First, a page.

Questionable Proceedings
            True to form, it was Nestorius’ idea to have a sit-down with Cyril and other leaders in order to hash out the details of their respective Christologies[6]. What he failed to realize was the political wit of his opponent. Prior to the meeting of the council, Cyril sent a packet of Nestorius’ teachings to Roman Pope, Celestine I (422-432) for consideration[7]. As a result, the council was moved from Nestorius’ region in Constantinople, where he would have found some support by mere association to Ephesus, the legendary retirement place of Mary, mother of Jesus. One can see how this was not going to go well for the one who seemed to hold a low view of the virgin mother[8].
            After receiving the packet, Celestine I, assuming he was being asked for a ruling and not merely his opinion, enlisted the help of John Cassian who was also a supporter of Cyril. Clearly at a disadvantage, the council convened under Emperor Theodosius II in Ephesus. Unfortunately, Nestorius’ supporters were slow coming and after tarrying for a few weeks, the council proceeded despite objections from many attendants. Not surprisingly, Nestorius was deemed wrong and, almost as if to add insult to injury, Cyril was charged with the task of carrying out the excommunication orders. When the Nestorian proponents finally arrived and discovered the ruling, they assembled their own council and deemed it the true gathering, the outcome of which was the excommunication of Cyril. Nearly as quickly, Cyril and his supporters met again and condemned the participants of the pro-Nestorius council and reaffirmed their initial ruling. Embarrassed, Theodosius II had both Cyril and Nestorius arrested and ordered to reconcile[9]. Once again, Cyril proved himself the more cunning of the two and Nestorius was indeed condemned to exile in 430 A.D. and officially banished in 431 A.D.[10]
Reflections on Nestorius
            From his exile, Nestorius wrote a thorough espousal of his beliefs entitled Proceedings of Heracleides by which he clarified some of the ways that his opponents committed themselves to destroy him by way of an elaborate straw-man fallacy[11]. Still, he was never again influential in Christian circles.
            So what can be said of this once prominent church leader who ended alone in exile? Mostly that it is a terrible thing when theology is utilized to realize political endeavors. Also that what is at one time deemed heresy may resurface again in the mouths of those who may advocate the view with more clarity as can be seen in the Protestant aversion to referring to Mary as the theotokos. In all things, this is a story which contemporary Christians must look at in all its bareness; though there was theological progress made it was at the expense of community between Christians. Let the future church be diligent against such tragedy.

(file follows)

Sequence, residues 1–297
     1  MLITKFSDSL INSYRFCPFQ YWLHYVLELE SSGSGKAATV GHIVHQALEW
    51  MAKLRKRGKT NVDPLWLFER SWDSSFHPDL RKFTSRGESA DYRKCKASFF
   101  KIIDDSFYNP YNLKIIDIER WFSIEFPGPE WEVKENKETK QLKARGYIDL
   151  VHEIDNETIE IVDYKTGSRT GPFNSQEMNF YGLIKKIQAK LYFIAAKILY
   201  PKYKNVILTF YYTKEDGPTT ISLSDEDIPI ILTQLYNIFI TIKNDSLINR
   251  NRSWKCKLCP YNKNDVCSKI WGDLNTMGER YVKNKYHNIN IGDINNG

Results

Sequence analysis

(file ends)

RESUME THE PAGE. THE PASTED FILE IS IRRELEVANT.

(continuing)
Ferguson, E., Woodbridge, J. D., & James, F. A. (2005). IV. The Second Phase, 381-433: Nestorianism. In Church history (pp. 258-261). Grand Rapids, MI: Zondervan.
González, J. L. (1987). The Nestorian Controversy and the Council of Ephesus. In From the beginnings to the Council of Chalcedon (pp. 353-367). Nashville: Abingdon Pr.
Hall, C. A. (2002). Christ Divine and Human. In Learning theology with the church fathers (pp. 83-90). Downers Grove, IL: InterVarsity Press.
Hart, D. B. (2007). The Formation of Orthodox Christology: The 'Mother of God' In The story of Christianity: An illustrated history of 2000 years of the Christian faith (pp. 94-96). London: Quercus.
Hurley, P. J. (2012). Informal Fallacies: 3.2 Fallacies of Relevance. In A concise introduction to logic: Using traditional logic (pp. 89-90). Mason, OH: Cengage Learning.
Litfin, B. M. (2007). Cyril of Alexandria. In Getting to know the church fathers: An evangelical introduction (pp. 239-258). Grand Rapids, MI: Brazos Press.
Sheppard, J. (2005). At the Crossroads: Midieval Contributions. In Christendom at the crossroads: The medieval era (pp. 5-6). Louisville, KY: Westminster John Knox Press.

[1] (González, 1987, pp. 353-367)
[2] (Hall, 2002, pp. 83-90)
[3] (Hart, 2007, pp. 94-96)
[4] (Hall, 2002, pp. 83-90)
[5] (Hall, 2002, pp. 83-90)
[6] (Litfin, 2007, pp. 239-258)
[7] (Sheppard, 2005, pp. 5-6)
[8] (Litfin, 2007, pp. 239-258)

[9] (Sheppard, 2005, pp. 5-6)
[10] (Ferguson, Woodbridge, & James, 2005, pp. 258-261)
[11] (Hurley, 2012, pp. 89-90)

Thanks for reading! Have you ever experienced such division in the church; that is, division over semantics and not beliefs? Do tell! Let's all resolve to prize community over being right.

The Dread